Get to Know the ‘Diary of a Wimpy Kid’ Books


Who knew when the first “Diary of a Wimpy Kid” book by Jeff Kinney was published in 2007 that by spring 2014 there would be more than 120 million Wimpy Kid books in print worldwide? What is it that has made the “Diary of a Wimpy Kid” and related books so popular?

In part, it’s the format of the books. The design appeals to young readers, from upper elementary to middle school age, even reluctant readers. “Diary of a Wimpy Kid” appears to be the handwritten diary, on lined paper with spot cartoon illustrations on every page, of Greg Haffley, who’s in middle school. What makes it work is how true to life and humorous (and wacky) Greg’s thought process and actions are.

If your kids love the “Diary of a Wimpy Kid” series, they may also enjoy “The Origami Yoda” series by Tom Angleberger, beginning with “The Strange Case of Origami Yoda” by Stephan Pastis, and the “Star Wars: Jedi Academy” series.

Diary of a Wimpy Kid

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Diary of a Wimpy Kid” takes a humorous look at school and family life as told in the form of an illustrated journal by the main character, Greg Heffley (the Wimpy Kid) who has just started middle school.

The Last Straw

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In Jeff Kinney’s third book, the focus is less on Greg’s skirmishes with his older brother, Rodrick, and much more on his skirmishes with his father and his growing interest in girls.

The Third Wheel

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It’s January and middle schooler Greg Haffley has decided that it’s a shame he didn’t start writing about himself earlier because whoever writes his biography will need to know about his early life. To rectify that, Greg starts his diary with a 20-page description of his early life, beginning when he was in utero, with a lot of funny spot cartoon illustrations.

However, the bulk of the book is about Greg’s efforts to get a date for the school dance and all of the things that go wrong both before and during the dance.

Hard Luck

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Middle school is not much fun since Greg has been dumped by his best friend, Rowley. What’s worse is that Greg’s been dumped because Rowley has a girlfriend. Now Greg has to cope with bullies on his own during the walk to and from school. He’s also having trouble making new friends. Things aren’t better at home. Greg’s not happy about Easter at Gramma’s because of past experiences.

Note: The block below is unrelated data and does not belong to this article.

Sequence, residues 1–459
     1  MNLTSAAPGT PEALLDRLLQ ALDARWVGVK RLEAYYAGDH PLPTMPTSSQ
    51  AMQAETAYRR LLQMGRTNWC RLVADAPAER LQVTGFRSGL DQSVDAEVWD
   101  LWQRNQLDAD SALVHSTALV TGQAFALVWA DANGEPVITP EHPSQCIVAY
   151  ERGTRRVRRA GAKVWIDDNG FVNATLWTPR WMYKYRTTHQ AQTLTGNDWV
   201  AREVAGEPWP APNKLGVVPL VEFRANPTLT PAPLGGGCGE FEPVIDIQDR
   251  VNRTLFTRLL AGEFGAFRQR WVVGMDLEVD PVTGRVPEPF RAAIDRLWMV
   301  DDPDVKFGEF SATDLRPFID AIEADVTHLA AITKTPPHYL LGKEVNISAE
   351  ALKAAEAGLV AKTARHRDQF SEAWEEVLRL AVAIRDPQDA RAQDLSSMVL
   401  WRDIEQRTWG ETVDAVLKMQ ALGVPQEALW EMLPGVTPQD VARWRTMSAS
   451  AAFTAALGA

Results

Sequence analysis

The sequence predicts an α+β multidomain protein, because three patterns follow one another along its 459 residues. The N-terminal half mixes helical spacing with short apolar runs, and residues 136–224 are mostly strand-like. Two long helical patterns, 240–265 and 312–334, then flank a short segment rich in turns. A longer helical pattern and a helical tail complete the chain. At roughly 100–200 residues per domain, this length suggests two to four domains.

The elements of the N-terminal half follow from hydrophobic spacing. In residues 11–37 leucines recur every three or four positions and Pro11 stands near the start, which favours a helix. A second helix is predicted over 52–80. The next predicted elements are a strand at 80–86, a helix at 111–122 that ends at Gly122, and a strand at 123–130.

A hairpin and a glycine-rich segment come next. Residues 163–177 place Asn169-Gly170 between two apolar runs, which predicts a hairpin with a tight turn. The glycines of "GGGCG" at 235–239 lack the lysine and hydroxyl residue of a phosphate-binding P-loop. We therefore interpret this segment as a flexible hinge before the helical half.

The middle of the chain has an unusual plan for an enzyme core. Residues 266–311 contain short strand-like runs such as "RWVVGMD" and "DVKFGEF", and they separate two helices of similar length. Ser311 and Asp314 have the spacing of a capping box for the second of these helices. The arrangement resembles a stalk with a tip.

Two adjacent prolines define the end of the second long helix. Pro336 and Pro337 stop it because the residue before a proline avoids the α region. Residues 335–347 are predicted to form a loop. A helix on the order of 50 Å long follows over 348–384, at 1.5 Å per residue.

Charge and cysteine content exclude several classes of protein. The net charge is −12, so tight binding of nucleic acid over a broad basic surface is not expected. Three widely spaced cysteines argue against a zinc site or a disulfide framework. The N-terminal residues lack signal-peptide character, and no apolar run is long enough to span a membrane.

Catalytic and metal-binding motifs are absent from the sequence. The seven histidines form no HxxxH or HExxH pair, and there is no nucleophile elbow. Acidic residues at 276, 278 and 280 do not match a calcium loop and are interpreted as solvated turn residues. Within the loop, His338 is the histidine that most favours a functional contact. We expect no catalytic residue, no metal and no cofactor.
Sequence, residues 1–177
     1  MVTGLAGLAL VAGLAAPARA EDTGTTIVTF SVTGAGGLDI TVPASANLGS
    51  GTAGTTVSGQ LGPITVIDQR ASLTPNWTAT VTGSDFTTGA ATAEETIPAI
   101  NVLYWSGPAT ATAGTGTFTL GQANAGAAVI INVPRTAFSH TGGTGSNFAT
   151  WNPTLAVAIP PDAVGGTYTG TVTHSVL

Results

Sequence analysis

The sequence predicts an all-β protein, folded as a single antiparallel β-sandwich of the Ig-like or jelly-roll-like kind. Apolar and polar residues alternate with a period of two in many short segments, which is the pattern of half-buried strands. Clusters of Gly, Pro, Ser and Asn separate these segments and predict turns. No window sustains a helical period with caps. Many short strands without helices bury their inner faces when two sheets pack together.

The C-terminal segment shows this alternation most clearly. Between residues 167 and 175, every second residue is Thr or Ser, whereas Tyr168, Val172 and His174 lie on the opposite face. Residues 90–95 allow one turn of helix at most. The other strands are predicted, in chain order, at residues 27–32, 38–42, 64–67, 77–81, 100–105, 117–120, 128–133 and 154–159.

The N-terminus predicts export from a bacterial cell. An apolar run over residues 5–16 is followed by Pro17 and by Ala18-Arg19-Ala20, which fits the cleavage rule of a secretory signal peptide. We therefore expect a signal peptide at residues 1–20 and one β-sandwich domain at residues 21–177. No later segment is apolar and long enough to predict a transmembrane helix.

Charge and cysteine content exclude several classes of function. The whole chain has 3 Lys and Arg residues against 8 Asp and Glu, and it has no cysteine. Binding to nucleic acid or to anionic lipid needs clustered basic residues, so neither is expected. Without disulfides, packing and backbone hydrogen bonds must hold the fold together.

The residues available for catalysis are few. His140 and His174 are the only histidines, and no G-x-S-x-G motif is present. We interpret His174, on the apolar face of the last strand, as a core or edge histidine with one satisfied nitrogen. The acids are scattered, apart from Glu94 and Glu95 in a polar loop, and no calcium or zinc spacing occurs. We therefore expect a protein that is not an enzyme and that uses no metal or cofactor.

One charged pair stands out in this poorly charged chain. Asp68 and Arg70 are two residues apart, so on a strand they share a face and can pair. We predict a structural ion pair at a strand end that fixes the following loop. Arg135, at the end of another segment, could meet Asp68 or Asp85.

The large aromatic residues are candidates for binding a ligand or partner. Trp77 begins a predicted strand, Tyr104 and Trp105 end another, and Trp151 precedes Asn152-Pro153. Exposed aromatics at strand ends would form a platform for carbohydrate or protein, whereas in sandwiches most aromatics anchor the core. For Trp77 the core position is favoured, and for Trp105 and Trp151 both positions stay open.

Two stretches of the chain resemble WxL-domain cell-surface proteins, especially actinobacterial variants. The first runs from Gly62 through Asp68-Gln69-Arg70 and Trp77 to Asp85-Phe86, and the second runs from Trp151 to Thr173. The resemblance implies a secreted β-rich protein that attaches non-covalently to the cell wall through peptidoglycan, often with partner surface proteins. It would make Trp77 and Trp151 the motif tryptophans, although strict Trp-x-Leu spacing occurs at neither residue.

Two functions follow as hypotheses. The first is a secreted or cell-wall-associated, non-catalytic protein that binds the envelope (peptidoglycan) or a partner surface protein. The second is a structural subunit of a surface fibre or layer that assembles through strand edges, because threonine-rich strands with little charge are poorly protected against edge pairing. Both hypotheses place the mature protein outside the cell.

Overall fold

However, Greg finds something he thinks will improve his life. Since Greg hasn’t had any luck in making decisions that make his life better, he’s delighted to find a Magic 8 ball and decides to let it make decisions for him. That works out so badly that Greg may have to go to summer school. Fortunately, Greg rallies with some good decisions and hard work. Best of all, Rowley’s girlfriend breaks up with him and by the end of the school year, Greg and Rowley are friends again.

Old School

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“Diary of a Wimpy Kid: Old School” is very enjoyable recreational reading that younger kids will particularly like. Wimpy Kid Greg Heffley has a lot to complain about. This might be annoying, except for the fact that the things that bother him are so amusingly presented in both Greg’s words and pictures.

Greg’s sick of grown-ups talking about the “good old days,” his mother is embarrassing him by collecting signatures on a petition to get the city to “unplug” for a weekend, the family has a pet pig that his mom has taught to do tricks and that’s allowed to eat at the dinner table, and his grandfather has moved in, which is having a bad effect on his father’s mood. According to Greg, “You can tell he doesn’t really approve of the way Mom and Dad are raising us kids, even though he never actually comes out and SAYS it.”

Problems escalate to the point that Greg agrees to go on a week-long class field trip to Hard Scrabble Farms to avoid a confrontation with his father. Things are straightened out in a surprising and funny way when his dad becomes a mid-trip replacement field trip chaperone. 

“Diary of a Wimpy Kid: Old School,” Book 10 of the series, is a quick and fun read, and Greg’s shenanigans will delight younger readers.

The Wimpy Kid Do-It-Yourself Book

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The “Diary of a Wimpy Kid: Do-It-Yourself Book” was such a success that Jeff Kinney created another DIY book for kids who want to do their own writing and comic sketches. What’s the difference between the two books? While “The Wimpy Kid Do-It-Yourself Book” is being promoted as a revised and expanded version of the first journal, there is a lot that is different, starting with the cover and title.


“About the Author.” Wimpy Kid, Inc., 2021.

Kinney, Jeff. “Diary of a Wimpy Kid 12 Books Complete Collection Set.” Paperback, Puffin, 2021.

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